Indian Journal of Pathology and Microbiology
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Year : 2008  |  Volume : 51  |  Issue : 4  |  Page : 569
Demyelinating disease of the brain simulating a space-occupying lesion

1 Department of Histopathology, Apollo Hospitals, Hyderabad, India
2 Department of Nuerology, Apollo Hospitals, Hyderabad, India
3 Department of Nuerosurgery, Apollo Hospitals, Hyderabad, India

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How to cite this article:
Padua MD, Prabhakar S, Lath R. Demyelinating disease of the brain simulating a space-occupying lesion. Indian J Pathol Microbiol 2008;51:569

How to cite this URL:
Padua MD, Prabhakar S, Lath R. Demyelinating disease of the brain simulating a space-occupying lesion. Indian J Pathol Microbiol [serial online] 2008 [cited 2022 Sep 25];51:569. Available from:


Focal demyelinating lesions of the brain can simulate brain tumors clinically and radiologically. We describe a case of demyelinating disease presenting as a space-occupying lesion.

A 19-year-old male presented with complaints of impaired speech and weakness in the upper and lower limbs on the right side since 10 days, along with a mild headache. On examination, dysarthria was present. There was right upper motor neuron 7 th nerve paresis. He had right pyramidal signs. A computed tomography (CT) scan and magnetic resonance imaging (MRI) showed a paraventricular mass lesion in the left frontal lobe with contrast enhancement and perilesional edema [Figure 1]. Possibilities considered were lymphoma, glioma and tuberculoma. A CT guided stereotactic biopsy was done. Histopathology revealed sheets of foamy macrophages, reactive gemistocytic astrocytes and perivascular lymphocytes [Figure 2]. A stain for myelin revealed a complete absence of myelin in these areas [Figure 2]inset .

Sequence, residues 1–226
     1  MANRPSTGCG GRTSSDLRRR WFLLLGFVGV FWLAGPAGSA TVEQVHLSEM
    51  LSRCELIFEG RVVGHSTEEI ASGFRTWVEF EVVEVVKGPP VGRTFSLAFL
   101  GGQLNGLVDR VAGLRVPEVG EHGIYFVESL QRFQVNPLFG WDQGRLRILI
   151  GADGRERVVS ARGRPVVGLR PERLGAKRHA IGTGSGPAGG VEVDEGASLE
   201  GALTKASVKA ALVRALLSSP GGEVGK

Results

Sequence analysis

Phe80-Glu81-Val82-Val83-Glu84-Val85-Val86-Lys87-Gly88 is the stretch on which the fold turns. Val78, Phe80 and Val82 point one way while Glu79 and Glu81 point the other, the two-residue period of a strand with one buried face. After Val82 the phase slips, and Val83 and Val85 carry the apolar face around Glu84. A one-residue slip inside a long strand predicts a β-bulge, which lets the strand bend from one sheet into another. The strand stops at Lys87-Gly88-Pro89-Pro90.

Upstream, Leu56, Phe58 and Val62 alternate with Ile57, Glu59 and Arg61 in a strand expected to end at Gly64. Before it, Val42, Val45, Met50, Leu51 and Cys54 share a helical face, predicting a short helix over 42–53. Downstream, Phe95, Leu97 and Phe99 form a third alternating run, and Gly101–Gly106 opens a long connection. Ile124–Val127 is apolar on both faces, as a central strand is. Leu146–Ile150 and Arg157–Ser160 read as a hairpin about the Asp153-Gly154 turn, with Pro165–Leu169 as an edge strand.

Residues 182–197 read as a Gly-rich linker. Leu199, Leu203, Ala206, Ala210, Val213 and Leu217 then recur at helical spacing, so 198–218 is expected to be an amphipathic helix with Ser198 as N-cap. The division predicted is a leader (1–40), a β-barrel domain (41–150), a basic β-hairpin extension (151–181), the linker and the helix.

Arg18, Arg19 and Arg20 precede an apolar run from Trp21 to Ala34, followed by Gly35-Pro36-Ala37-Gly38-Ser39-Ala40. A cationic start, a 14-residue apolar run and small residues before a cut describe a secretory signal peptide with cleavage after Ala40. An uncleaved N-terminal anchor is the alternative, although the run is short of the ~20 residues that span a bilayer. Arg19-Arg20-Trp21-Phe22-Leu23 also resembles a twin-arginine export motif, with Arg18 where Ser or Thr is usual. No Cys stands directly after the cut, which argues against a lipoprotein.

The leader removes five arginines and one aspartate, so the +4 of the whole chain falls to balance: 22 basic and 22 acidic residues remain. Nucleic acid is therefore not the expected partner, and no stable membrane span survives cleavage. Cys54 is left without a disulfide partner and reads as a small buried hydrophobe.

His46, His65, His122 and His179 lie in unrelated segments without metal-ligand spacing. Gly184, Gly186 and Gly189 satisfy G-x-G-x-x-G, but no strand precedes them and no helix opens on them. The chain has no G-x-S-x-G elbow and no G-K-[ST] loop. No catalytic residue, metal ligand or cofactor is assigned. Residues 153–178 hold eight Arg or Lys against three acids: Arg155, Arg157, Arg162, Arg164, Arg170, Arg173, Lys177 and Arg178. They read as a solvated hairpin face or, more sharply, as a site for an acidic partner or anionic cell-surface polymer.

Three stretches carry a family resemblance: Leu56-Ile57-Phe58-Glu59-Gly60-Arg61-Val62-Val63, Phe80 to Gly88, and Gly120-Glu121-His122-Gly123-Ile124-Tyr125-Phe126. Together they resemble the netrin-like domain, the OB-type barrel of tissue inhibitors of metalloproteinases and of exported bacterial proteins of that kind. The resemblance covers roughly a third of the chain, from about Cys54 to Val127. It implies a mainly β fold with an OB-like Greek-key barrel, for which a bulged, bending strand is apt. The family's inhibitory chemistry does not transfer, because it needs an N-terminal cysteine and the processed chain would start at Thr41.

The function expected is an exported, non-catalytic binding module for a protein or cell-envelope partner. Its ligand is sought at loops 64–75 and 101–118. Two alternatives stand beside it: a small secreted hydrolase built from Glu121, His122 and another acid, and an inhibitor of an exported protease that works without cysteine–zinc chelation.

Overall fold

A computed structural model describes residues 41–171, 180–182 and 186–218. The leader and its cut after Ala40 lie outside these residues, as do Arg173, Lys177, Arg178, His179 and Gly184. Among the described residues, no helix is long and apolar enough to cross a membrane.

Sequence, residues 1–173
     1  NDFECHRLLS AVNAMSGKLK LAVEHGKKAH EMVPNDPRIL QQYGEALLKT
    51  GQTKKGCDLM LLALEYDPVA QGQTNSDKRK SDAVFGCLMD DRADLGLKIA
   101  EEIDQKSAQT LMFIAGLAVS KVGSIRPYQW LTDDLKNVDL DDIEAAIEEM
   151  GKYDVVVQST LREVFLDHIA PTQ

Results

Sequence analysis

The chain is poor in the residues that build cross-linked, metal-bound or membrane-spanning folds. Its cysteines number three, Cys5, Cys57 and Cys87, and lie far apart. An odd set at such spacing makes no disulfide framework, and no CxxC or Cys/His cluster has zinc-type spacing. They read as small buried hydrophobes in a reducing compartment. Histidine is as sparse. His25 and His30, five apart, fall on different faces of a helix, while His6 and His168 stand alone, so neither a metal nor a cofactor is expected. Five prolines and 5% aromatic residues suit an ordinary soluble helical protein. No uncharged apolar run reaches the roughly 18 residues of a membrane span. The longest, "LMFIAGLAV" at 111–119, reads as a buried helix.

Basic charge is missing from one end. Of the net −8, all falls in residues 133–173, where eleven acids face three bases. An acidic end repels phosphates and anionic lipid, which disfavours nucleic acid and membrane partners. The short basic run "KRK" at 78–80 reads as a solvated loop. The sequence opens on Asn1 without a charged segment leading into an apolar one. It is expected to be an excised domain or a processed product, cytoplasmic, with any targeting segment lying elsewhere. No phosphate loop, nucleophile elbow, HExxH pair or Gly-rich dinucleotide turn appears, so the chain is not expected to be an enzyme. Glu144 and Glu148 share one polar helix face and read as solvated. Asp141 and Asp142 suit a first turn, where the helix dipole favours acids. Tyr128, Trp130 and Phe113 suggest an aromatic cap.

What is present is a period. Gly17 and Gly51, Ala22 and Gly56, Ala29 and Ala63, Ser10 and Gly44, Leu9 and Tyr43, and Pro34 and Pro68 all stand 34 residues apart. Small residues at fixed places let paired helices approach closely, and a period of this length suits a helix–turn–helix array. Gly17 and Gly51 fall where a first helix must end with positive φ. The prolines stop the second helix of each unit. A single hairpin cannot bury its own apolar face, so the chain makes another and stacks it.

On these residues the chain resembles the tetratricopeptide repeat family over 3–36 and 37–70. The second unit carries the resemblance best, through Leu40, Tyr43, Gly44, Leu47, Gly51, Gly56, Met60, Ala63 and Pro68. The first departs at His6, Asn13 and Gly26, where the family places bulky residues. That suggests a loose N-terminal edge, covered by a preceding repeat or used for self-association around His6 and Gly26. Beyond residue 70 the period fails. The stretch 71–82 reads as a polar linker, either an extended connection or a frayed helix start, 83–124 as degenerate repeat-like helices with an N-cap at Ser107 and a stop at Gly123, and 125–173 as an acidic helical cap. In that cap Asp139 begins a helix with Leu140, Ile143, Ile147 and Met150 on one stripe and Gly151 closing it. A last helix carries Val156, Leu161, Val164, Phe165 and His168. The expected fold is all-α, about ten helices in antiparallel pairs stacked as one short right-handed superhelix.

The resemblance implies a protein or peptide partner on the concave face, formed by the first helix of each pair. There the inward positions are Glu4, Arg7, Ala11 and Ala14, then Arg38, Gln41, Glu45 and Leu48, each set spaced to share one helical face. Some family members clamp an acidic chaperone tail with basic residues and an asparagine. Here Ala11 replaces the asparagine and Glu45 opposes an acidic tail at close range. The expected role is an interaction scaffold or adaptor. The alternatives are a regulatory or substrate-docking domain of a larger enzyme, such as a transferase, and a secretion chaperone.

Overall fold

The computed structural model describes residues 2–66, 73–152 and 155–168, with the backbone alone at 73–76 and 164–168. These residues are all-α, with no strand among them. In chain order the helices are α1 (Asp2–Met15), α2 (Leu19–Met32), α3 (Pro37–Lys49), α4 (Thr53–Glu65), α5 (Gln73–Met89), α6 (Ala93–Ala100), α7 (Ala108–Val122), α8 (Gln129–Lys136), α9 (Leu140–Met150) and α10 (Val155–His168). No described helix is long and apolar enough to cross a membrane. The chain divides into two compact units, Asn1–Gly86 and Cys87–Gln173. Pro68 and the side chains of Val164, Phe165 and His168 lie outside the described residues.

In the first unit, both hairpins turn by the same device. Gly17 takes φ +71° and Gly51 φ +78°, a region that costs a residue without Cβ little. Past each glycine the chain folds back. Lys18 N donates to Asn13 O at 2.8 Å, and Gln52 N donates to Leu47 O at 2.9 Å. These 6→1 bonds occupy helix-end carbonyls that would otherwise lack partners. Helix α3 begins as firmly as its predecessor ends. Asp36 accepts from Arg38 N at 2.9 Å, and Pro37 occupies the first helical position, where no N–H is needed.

A diagnosis of demyelinating disease was made. The patient was treated with corticosteroids. He responded very well with almost total recovery of speech and paresis within a period of 2 weeks.

Focal demyelinating disease can present as a space-occupying lesion and mimic tumors on radiology. It is imperative to correctly diagnose these lesions due to the profound impact on treatment. Response to steroids is very good and prognosis is excellent. Histopathological features of this lesion have been well documented. [1],[2],[3] Cerebral infarct is an important differential diagnosis on histology. A myelin stain helps to differentiate between the two since myelin is completely lost in demyelinating disease and is preserved in infarction. The degree of suspicion should be high to correctly diagnose these lesions.

   References Top

1.Jain D, Rajesh LS, Vasishta RK, Radotra BD, Banerjee AK. Demyelinating disease simulating brain tumours: A histopathologic assessment of seven cases. Indian J Med Sci 2006;60:47-52.  Back to cited text no. 1  [PUBMED]  Medknow Journal
2.SugitaY, Terasaki M, Shigemori M, Sakata K, Morimatsu M. Acute focal demyelinating disease simulating brain tumours: Histopathologic guidelines for an accurate diagnosis. Nueropathology 2001;21:25-31.  Back to cited text no. 2    
3.Jaster JH, Bertorini TE, Dohan FC Jr, O'Brien TF, Wang H, Becske T, et al. Solitary focal demyelination in the brain as a paraneoplastic disorder. Med Pediatr Oncol 1996;26:111-5.  Back to cited text no. 3  [PUBMED]  

Correspondence Address:
Michelle De Padua
Department of Histopathology, Apollo Hospitals, Hyderabad
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Source of Support: None, Conflict of Interest: None

DOI: 10.4103/0377-4929.43769

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  [Figure 1], [Figure 2]


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